Unidentified Analyst

As we continue into a very challenging year of 2008, what systems or solutions are you going to put in place to accelerate [inaudible] initiative?

Larry Kingsley - Chairman of the Board, President and Chief Executive Officer

Yeah, I'm gong to make this the last question because I think we ought to continue to move on. But, in terms of our ability to execute and accelerate, as I've mentioned, I think the primary contributor for us is going to be all that supply chain expertise and capability that we have added particularly in the low cost regions and that's a corporate managed resource set that we now use to support the business units on a local basis and so we have made it a lot easier for the business units to take advantage of low cost sourcing and to pull their various spend across business units of our common commodity types. I think that will probably be the primary element that allows us to fuel accelerated improvement as we go forward not just '08, but beyond, and thanks for your questions.

Unidentified Analyst

Thank you.

Operator

Your next question comes from the line of Mike Schneider of Robert W. Baird.

Mike Schneider - Robert W. Baird

Hi, guys.

Larry Kingsley - Chairman of the Board, President and Chief Executive Officer

Hi, Mike

Mike Schneider - Robert W. Baird

Maybe first just focusing on the quarter, if you look at what an organic growth actually fell short from the last time we talked, it looks like it was HST and concentrated presumably in the pneumatics area. Did you see a degradation in the existing contracts as you went through the quarter that was, I guess representative for the industrial slowdown or were there additional contracts terminated or lost in Q4? Just some color would be helpful.

Larry Kingsley - Chairman of the Board, President and Chief Executive Officer

This short answer, Mike, is yes, in some of those non-core HST industrial segments were basically supplying compressed air in the less differentiated fashion. We did see a little bit less in the way of sales and that's part of what’s included within our assumptions for Q1 as well. So that's a little bit more the kind of a non-core headwind. From a Q4 organic contribution based on the two OEMs that you know we’ve talked about quite a bit, those numbers came in pretty close to what we had anticipated.

Mike Schneider - Robert W. Baird

So, do you view the gas business as your most cyclical in the portfolio today and represented of I guess your basic industrial exposure?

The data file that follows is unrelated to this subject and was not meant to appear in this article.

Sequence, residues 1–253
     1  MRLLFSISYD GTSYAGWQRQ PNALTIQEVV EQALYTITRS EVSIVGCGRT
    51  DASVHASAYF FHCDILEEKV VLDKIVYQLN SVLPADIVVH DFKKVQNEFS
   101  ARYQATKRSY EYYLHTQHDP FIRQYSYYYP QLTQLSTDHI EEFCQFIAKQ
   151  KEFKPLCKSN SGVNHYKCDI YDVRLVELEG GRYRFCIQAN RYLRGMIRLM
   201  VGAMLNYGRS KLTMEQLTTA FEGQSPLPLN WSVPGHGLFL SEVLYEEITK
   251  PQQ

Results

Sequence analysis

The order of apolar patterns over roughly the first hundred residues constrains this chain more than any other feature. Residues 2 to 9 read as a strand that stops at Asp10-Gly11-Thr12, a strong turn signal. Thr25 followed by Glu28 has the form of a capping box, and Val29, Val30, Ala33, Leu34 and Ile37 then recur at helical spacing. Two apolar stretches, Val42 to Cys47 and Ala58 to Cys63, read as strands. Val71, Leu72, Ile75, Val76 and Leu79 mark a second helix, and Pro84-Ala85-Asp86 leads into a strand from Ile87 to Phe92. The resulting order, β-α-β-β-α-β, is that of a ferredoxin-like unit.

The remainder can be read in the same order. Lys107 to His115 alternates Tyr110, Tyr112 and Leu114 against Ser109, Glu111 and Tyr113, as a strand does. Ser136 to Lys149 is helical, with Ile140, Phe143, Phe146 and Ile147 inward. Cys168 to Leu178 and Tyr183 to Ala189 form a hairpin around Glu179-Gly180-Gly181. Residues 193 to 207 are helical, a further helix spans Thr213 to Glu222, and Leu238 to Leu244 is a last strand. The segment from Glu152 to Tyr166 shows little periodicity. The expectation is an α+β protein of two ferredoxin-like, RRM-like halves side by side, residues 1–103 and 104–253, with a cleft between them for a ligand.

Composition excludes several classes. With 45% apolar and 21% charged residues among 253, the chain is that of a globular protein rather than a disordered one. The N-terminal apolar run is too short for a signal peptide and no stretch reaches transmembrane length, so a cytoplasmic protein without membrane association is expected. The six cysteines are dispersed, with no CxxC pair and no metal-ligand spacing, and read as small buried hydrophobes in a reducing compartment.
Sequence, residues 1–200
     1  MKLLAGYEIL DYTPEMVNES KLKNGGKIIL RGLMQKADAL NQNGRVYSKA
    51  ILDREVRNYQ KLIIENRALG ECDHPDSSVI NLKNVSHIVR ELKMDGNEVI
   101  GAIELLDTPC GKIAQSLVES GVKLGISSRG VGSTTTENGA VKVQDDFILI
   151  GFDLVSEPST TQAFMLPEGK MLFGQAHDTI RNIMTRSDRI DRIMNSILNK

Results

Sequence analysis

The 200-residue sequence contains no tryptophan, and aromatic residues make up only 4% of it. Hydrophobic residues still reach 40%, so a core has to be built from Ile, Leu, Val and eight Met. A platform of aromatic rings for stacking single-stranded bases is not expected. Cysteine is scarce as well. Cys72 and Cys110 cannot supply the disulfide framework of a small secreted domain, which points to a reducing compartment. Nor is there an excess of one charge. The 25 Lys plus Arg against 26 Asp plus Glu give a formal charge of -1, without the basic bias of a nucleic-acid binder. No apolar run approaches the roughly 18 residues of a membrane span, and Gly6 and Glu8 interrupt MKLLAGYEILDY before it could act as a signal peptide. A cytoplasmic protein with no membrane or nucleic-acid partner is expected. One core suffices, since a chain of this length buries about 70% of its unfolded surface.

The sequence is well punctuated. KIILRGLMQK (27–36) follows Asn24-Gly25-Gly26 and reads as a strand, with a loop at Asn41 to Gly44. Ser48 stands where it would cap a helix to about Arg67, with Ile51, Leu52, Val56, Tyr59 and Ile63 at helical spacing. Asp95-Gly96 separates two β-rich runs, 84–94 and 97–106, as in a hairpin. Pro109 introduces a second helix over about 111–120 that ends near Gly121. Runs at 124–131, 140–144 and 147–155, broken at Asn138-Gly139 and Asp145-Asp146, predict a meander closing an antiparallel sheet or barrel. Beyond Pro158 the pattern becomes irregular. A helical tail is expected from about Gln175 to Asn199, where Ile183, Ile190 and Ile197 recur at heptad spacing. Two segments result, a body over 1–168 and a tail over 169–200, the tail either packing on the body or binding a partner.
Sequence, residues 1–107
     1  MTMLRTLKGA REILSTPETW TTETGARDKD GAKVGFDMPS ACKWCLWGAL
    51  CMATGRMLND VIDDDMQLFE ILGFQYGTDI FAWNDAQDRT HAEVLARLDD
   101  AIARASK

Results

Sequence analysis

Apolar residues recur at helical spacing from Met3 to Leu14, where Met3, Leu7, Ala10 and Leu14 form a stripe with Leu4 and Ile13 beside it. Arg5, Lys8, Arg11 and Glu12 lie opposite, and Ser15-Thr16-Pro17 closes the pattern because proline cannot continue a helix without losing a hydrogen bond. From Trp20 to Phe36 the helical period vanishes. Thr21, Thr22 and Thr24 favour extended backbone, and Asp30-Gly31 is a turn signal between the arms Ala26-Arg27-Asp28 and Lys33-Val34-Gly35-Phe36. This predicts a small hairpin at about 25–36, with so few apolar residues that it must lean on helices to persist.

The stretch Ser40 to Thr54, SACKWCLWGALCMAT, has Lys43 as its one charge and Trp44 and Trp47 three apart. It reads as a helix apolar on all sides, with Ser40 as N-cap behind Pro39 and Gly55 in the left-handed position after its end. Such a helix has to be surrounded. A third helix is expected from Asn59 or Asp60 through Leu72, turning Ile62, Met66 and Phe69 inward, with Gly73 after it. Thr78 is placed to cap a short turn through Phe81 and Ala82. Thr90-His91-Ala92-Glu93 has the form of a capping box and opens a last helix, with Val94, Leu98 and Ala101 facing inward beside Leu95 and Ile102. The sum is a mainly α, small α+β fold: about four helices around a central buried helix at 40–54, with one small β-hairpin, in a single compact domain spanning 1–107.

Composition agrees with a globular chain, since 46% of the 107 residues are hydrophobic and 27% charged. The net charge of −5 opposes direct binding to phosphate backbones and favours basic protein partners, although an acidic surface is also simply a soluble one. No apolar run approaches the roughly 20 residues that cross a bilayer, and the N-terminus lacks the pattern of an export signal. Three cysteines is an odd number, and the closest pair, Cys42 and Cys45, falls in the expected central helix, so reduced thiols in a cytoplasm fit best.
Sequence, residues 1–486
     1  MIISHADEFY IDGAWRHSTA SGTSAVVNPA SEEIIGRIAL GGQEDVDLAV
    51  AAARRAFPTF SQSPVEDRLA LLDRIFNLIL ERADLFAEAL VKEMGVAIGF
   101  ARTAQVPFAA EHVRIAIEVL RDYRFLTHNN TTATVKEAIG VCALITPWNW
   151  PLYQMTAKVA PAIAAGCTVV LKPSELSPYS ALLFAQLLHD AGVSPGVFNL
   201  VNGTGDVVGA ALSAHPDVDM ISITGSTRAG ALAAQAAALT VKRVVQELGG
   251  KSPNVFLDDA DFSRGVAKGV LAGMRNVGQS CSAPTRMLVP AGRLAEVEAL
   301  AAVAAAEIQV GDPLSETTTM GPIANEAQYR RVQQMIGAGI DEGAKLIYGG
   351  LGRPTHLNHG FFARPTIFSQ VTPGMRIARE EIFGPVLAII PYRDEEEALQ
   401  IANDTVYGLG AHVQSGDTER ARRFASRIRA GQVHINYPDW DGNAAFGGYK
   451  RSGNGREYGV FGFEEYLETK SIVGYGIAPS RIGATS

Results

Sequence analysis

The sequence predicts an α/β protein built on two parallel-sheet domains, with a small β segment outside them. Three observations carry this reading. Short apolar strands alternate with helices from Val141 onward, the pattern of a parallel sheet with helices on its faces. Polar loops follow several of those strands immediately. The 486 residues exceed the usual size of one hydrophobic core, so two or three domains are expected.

Larry Kingsley - Chairman of the Board, President and Chief Executive Officer

I would say that it is certainly cyclically exposed. I wouldn't say it is representative of our industrial exposure though. No, we don't have much in the way of revenue in the other FMT businesses or HST businesses that's in the same end segments the gas it. And so, I don't think that it’s representative of our industrial exposure beyond what's already embedded in those numbers, if that's what you are referring to. And I think it is kind of the sum of the parts also is so.

Mike Schneider - Robert W. Baird

Okay. And then looking into '08, looking at HST and these two OEM contracts, I guess, I was surprised to see that you expect another three points or actually four points of pressure from those terminated contracts. Can you clarify is it that you actually lost or terminated additional business with those two OEMs or you’ve just now replaced them because this goes all the way back to Q1 of last year when we started talking about this and I just want to be clear what's new or different?

Larry Kingsley - Chairman of the Board, President and Chief Executive Officer

Sure, Mike. We want to go set out to basically slowly exit some of these non-differentiated elements of HST and basically re-invested some of the areas that we like more and that's... it's obviously both internally and acquisitively. What we anticipated through the point of our Q3 call, so when we talked in the fourth quarter was that there would be a couple of new... actually a few new OEM contracts that would begin ramping up early in the year this year whose volume would be offsetting the sun setting of those two large OEM agreements that we talked about. Those two programs are alive and well. The ones that are ramping up, when we think there is a third that looks pretty probable at this point. We have already committed the capital dollars to the two of the three late in the year last year and it’s really a matter of the timing of those as they ramp up, which now looks like it will be late in '08 versus what we have thought was early Q2 of '08. So as that's essentially yet the issue is not exiting additional OEM relationships now nor is it a tremendous different viewpoint as to what the sun setting of those OEM relationships was expected to be versus now what we anticipated. It’s more of the uptick on the few and then also the core business as it replaces it.

Mike Schneider - Robert W. Baird

So, would you consider then and if I heard you correctly, you expect HST to grow mid single digits this year organically despite soft 1Q expectation?

Larry Kingsley - Chairman of the Board, President and Chief Executive Officer